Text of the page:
Banana is a great natural sweetener, and is often added to smoothies as a creamy smoothie base.
As kale is quite… fibrous, even the leaves, there are a few things to note if you want to add creamy fruits to it.
First, blend kale with 1-2 tablespoons of water (or milk) for about 5 minutes straight to really grind those leaves. Then add the rest and blend until smooth.
It’s helpful to freeze the leaves before blending. Frozen kale is easily broken down into small bits.
Has been an exclusive addition in breakfasts, salads, avocado also adds thickness to your smoothie. It paired with banana not only creates a nutrition-packed-duo, but a perfect creamy-sweet base for any smoothie.
Make sure that you blend the kale really well before adding the fruit base. Finding large leafy bits in a creamy smoothie is no pleasant experience.
3. Pineapple and Apple
Apple and pineapple are great companions for kale smoothie. They add tanginess, sweetness, and a lot of fiber.
For the two fruits, there’s no need to blend the kale finely beforehand. These two fruits are rather fibrous, hence masking the texture of kale really well.
In fact, we have a green smoothie that uses both pineapple and apple. It’s tangy, sweet, really balanced in flavor.
Although its fragrance is quite faint, blueberry adds a beautiful color to your smoothie and a whole lot of antioxidants.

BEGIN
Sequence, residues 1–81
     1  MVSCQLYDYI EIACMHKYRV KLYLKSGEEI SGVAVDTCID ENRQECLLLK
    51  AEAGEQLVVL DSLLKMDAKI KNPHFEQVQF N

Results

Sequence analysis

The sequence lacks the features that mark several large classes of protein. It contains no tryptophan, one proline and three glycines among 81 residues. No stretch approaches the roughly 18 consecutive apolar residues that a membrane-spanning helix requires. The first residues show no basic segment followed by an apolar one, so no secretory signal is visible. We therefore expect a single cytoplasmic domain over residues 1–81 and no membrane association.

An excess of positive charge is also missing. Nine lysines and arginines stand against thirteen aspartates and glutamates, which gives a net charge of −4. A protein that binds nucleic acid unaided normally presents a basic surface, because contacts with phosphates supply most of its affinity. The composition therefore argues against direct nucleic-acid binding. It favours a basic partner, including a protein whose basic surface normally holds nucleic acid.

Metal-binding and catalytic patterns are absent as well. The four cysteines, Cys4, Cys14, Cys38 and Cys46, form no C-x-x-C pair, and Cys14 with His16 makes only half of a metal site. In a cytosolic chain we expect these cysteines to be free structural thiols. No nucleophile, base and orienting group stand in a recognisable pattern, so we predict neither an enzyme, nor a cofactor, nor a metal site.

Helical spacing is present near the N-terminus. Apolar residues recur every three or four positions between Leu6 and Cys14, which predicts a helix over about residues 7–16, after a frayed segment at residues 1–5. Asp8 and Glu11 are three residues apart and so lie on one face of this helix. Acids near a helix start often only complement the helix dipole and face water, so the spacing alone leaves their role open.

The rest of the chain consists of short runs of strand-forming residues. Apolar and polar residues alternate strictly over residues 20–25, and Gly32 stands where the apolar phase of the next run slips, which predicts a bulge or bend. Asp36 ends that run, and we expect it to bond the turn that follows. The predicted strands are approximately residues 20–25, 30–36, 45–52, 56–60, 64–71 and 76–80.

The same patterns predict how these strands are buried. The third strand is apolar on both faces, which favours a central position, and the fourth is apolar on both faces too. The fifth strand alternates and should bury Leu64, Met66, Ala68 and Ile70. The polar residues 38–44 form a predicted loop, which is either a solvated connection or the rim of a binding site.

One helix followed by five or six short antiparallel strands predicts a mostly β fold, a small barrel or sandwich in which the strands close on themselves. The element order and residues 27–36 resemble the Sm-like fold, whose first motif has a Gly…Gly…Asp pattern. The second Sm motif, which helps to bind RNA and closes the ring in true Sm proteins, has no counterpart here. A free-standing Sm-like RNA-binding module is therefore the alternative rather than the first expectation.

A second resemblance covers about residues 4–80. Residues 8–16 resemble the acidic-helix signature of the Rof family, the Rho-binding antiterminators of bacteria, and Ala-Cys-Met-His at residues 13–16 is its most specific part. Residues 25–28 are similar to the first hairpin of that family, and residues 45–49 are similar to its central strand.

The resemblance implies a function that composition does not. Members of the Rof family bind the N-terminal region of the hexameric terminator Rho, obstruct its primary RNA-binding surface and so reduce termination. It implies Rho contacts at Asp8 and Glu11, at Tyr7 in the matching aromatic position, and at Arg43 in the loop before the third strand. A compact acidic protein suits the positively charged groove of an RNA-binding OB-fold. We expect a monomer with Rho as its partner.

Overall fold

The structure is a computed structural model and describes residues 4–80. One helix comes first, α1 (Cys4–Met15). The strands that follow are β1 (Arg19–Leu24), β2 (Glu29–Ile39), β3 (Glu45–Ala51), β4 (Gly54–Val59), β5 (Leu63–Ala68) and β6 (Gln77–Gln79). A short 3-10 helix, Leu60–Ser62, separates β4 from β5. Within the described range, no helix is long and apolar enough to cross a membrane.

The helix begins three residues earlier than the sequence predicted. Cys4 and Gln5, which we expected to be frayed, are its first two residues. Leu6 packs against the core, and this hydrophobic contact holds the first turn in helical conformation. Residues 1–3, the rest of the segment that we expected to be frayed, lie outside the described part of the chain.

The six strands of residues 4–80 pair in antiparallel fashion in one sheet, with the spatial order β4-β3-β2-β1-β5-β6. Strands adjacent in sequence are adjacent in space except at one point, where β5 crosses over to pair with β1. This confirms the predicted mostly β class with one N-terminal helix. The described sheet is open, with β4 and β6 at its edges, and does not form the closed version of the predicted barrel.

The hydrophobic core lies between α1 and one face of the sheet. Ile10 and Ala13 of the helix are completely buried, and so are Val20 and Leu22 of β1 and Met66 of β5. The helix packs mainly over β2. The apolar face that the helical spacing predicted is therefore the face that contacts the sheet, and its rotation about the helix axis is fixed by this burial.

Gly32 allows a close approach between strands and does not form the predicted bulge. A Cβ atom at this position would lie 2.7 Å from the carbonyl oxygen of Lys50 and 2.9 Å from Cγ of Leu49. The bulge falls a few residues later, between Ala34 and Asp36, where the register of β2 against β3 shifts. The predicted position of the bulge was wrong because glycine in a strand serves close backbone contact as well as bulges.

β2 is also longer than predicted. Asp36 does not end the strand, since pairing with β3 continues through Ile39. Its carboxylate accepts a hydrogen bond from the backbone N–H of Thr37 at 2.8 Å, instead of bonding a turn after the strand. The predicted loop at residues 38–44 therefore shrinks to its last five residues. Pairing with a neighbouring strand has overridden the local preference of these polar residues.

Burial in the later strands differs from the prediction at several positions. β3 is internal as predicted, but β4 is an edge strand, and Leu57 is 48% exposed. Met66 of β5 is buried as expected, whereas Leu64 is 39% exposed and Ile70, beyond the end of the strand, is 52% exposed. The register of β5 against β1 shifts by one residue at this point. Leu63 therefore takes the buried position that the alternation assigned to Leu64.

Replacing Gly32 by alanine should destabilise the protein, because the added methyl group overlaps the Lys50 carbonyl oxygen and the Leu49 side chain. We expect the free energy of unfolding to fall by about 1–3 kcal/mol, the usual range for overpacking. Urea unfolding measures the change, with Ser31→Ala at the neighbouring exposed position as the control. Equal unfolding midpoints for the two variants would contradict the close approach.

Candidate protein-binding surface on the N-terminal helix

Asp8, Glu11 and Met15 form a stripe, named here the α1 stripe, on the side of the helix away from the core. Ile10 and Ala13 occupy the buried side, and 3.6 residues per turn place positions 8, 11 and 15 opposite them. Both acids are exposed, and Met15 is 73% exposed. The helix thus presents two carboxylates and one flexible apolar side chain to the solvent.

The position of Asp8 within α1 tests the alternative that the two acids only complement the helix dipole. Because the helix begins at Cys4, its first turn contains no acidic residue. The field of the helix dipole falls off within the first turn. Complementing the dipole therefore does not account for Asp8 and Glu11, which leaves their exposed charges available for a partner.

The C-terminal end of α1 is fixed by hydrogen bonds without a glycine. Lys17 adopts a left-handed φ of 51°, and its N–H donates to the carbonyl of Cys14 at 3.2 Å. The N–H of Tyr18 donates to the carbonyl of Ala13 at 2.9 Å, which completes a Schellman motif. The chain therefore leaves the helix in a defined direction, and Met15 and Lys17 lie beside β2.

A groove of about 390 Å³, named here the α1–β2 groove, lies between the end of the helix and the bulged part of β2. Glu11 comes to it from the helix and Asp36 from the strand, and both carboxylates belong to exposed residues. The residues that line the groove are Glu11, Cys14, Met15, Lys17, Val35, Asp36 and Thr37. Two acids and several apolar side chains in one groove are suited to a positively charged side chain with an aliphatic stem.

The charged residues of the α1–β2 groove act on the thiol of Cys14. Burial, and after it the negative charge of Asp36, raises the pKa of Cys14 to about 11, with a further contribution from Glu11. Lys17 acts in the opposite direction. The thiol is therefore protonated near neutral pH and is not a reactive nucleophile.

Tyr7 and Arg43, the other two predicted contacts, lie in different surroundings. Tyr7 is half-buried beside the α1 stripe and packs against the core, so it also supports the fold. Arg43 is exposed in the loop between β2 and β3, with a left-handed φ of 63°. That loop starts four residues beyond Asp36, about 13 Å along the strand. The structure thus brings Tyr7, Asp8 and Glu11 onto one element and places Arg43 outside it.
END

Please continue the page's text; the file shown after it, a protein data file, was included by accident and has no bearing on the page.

You can add blueberries to almost any smoothie, how many you want. For thickness, Greek yogurt is often added along with it.
Strawberries are such an iconic topping, you’ll see it in almost every dessert and sweet treat. Adding strawberries to any smoothie gives it more flavor, and if it’s fruit-based, its sweetness and tanginess will be enhanced.
How Long Does It Last
Smoothies should always be consumed immediately after making. It’s tastier and the color is more vibrant, just coming out of the blender.
For later consumption, freeze fresh fruits and vegetables in batches and whenever you need, take one batch and blend away.
Tuyet Pham is an award-winning Saigonese chef who believes that joy is the secret ingredient to delicious food. At Healthy Recipes 101, Tuyet personally tests and simplifies every recipe, ensuring maximum flavor with minimal effort. With a background at prestigious French restaurants P’TI Saigon and Le Corto, Tuyet knows how to make every dish exceptional.
Luna Regina is an accomplished writer and author who dedicates her career to empowering home cooks and making cooking effortless for everyone. She is the founder of HealthyKitchen101.com and HealthyRecipes101.com, where she works with her team to develop easy, nutritious recipes and help aspiring cooks choose the right kitchen appliances.
Lizzie Streit is a Minneapolis-based dietitian and founder of It’s a Veg World After All. She completed her MS in Human Nutrition from Drexel University, and is an expert in culinary nutrition, recipe development, and nutrition communications. Lizzie’s philosophy is centered around making nutrition recommendations, and especially the advice to eat more vegetables, approachable and realistic. She is excited to be working with the team at Healthy Recipes 101 to ensure that their recipes are both nutritious and delicious.
The kale smoothie had both tartness and sweetness in one sip which hits all the right notes – green goodness at its finest, if you ask me 😋